Marquette Harbor Light

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Marquette Harbor Light
USCG Marquette Lighthouse Lake Superior.jpg
Marquette Harbor Light
Marquette Harbor Light is located in Michigan
Marquette Harbor Light
LocationMarquette Harbor, Marquette, Michigan
Coordinates46°32′48.08″N 87°22′33.76″W / 46.5466889°N 87.3760444°W / 46.5466889; -87.3760444Coordinates: 46°32′48.08″N 87°22′33.76″W / 46.5466889°N 87.3760444°W / 46.5466889; -87.3760444[1]
Year first constructed1852
Year first lit1853 [2]
FoundationDressed stone/timber[3]
ConstructionBrick
Tower shapeSquare
Markings / patternred with white lantern
Tower height40 feet (12 m)[4]
Focal height77 feet (23 m)[5]
Original lensFourth order Fresnel[6]
Current lensWestinghouse DCB-36 Aerobeacon[7]
Intensity703,000 candlepower
Range10 nautical miles (19 km; 12 mi)[1]
CharacteristicFl W 10s[1]
ARLHS numberUSA-477[8][9]
USCG number7-14630
Heritageplace listed on the National Register of Historic Places Edit this on Wikidata
Marquette Harbor Light Station
MarquetteOld.JPG
USCG archive image of the Marquette Harbor Light
AreaP1 acre (0.40 ha)
Built1866
MPSU.S. Coast Guard Lighthouses and Light Stations on the Great Lakes TR
NRHP reference #84001803[10]
Added to NRHPJuly 19, 1984

The Marquette Harbor Light is located on Lake Superior in Marquette, Michigan, a part of the Upper Peninsula.[3] It is an active aid to navigation.[11]

History[edit]

To help navigation towards ore docks, Congress approved funds to build the Marquette Harbor Light in 1850.[12] Construction took place in 1852, and first lit in June 1853. However, the initial structure deteriorated rapidly, and funds were approved in 1865 for a replacement tower.[13]

In 1875, the Army Corps of Engineers built a 2,000-foot (610 m) breakwater to reduce the force of wind and waves in Marquette Harbor. A strong storm destroyed the original light in 1889. The new light sits on a concrete crib at the southernmost end of the breakwater wall.[11]

The original lighthouse included seven 14-inch (360 mm) Lewis lamps, and a small detached 24-by-30-foot (7.3 by 9.1 m) dwelling constructed of similar materials to that of the tower. In 1853, the United States Lighthouse Board was created and a major system upgrade brought on an installation of a Sixth Order French Fresnel lens in 1856. The new lens was visible up to 10 nautical miles (19 km; 12 mi). Because of weather conditions, installation, maintenance and operation of a foghorn was integral to the operation.[13]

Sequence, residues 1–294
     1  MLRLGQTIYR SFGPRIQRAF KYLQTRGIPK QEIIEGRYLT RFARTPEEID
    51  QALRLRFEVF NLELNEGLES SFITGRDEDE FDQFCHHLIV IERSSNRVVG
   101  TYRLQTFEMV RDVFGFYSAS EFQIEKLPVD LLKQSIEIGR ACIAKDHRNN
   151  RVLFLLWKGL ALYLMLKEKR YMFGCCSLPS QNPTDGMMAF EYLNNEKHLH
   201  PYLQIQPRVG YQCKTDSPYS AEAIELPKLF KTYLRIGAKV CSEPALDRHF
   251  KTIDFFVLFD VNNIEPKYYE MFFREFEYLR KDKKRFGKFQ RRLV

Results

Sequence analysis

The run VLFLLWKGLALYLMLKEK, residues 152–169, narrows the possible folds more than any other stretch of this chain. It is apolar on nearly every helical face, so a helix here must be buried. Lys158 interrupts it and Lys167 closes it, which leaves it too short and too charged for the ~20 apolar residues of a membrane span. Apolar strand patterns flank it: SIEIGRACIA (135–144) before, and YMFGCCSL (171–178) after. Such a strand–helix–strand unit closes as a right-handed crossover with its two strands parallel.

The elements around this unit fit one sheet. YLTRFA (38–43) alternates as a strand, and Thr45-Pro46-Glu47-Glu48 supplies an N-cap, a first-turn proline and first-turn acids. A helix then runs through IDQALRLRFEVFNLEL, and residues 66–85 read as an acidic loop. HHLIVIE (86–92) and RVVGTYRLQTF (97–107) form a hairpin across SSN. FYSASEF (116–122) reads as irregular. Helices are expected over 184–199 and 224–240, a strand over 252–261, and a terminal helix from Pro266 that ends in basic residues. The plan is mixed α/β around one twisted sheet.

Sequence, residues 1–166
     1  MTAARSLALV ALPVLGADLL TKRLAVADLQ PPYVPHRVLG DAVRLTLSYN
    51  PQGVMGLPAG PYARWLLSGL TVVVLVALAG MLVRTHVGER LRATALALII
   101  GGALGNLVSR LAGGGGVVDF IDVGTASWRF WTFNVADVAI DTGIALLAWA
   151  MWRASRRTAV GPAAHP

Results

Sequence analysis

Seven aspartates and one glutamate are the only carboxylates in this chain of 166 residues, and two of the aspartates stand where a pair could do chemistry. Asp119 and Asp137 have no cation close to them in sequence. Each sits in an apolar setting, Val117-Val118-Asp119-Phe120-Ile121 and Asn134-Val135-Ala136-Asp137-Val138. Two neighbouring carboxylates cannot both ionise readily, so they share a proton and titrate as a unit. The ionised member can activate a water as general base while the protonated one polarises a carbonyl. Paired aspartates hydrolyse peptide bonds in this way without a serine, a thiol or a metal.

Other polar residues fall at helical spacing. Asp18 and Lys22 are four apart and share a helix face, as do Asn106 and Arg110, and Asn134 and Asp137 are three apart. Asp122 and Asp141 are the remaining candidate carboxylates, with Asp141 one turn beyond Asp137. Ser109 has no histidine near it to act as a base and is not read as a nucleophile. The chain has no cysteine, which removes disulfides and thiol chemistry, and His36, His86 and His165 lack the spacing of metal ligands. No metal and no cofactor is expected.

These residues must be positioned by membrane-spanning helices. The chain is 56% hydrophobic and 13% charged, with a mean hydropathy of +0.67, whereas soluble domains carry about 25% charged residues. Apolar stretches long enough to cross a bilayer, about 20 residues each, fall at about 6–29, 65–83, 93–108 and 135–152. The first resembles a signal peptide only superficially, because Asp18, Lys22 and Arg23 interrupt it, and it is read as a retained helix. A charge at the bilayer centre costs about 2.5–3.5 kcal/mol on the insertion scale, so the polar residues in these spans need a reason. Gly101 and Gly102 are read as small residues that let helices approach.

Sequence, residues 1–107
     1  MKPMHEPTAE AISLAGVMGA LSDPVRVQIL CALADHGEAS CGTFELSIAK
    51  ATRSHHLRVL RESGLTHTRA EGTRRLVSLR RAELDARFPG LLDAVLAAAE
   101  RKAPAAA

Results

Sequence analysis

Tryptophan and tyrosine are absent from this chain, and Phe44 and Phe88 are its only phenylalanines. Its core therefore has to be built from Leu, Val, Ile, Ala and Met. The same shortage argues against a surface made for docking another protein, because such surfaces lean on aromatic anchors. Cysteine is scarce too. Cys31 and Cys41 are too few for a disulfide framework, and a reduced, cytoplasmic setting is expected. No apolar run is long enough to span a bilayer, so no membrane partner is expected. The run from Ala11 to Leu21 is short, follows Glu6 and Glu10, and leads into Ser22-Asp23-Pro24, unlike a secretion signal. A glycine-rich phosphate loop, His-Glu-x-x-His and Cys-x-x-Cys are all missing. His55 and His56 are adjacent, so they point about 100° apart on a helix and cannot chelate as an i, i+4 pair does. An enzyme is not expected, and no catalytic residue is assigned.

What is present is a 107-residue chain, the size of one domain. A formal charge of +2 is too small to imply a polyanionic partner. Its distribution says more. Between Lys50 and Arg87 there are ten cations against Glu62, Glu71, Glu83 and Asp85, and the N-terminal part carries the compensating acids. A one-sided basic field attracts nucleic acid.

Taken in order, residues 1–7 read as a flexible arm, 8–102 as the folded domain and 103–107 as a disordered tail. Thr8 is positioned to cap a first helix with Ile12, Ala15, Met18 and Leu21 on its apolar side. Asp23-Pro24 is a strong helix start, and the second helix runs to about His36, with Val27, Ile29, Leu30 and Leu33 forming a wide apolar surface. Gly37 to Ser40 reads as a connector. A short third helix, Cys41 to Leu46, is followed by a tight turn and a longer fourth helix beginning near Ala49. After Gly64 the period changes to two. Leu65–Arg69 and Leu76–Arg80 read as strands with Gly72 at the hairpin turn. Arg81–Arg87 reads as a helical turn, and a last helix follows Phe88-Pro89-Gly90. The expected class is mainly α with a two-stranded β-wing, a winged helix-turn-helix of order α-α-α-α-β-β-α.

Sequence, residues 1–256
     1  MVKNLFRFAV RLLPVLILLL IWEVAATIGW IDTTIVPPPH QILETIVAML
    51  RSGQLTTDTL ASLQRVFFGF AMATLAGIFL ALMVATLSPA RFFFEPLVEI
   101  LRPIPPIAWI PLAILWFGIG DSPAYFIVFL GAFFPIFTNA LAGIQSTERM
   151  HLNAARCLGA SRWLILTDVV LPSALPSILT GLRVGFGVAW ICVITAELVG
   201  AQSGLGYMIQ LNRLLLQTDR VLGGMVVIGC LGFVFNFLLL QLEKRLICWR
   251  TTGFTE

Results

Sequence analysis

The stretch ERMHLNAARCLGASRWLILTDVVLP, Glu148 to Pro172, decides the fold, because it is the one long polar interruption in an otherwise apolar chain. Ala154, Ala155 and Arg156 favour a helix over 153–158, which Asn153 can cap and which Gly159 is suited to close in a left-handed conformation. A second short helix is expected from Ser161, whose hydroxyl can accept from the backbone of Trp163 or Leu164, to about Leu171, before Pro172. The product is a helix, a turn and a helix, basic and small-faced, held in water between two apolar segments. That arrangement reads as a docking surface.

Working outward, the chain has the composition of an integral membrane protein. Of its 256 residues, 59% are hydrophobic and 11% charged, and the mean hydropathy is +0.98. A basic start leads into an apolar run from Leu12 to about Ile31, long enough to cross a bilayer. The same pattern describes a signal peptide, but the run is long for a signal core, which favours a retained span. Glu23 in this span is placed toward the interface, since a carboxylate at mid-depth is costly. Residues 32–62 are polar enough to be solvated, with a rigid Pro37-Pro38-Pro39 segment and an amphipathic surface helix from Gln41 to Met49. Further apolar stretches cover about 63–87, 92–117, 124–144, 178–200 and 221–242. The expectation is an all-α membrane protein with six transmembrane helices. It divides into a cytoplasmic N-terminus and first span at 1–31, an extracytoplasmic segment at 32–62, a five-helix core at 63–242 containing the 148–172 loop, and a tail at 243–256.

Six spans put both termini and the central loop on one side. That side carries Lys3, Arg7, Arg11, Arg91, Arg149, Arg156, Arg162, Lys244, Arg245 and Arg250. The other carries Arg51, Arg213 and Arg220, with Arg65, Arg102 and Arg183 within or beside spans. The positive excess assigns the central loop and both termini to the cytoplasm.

In July, 1899 the lighthouse was electrified under direction of Thomas Miller.[14]

The current lens is a DCB-36 Aerobeacon. Putting aside questions of nostalgia, aesthetics, or appreciation for the engineering of a bygone era (as exemplified by the Fresnel lens), this iteration of lighthouse illumination is itself incredibly effective, and an endangered remnant of another bygone era.[15]

Marquette Harbor Light

Construction of the current structure began in 1865. The 1​12-story dwelling shares its design with the lighthouses on Granite Island, Gull Rock and Huron Island. It includes a set of cast-iron spiral stairs winding from the first floor to the lantern centered on the square gallery atop the tower, a decagonal cast-iron lantern was installed, and a new fixed white Fourth Order Fresnel lens with a 190° arc of visibility was assembled atop its cast-iron pedestal. The focal plane is at 70 feet (21 m) above the lake, and was visible for a distance of 10 nautical miles in clear weather.[2][13] Pictures before and after the dwelling modifications are available. A second story was added in 1910.[3]

The tower is attached to a schoolhouse style lighthouse keeper's residence.[16]

The area had three fog signals, the louder being in the fog signal building and one in each breakwater. Each had its own distinct tone.[17]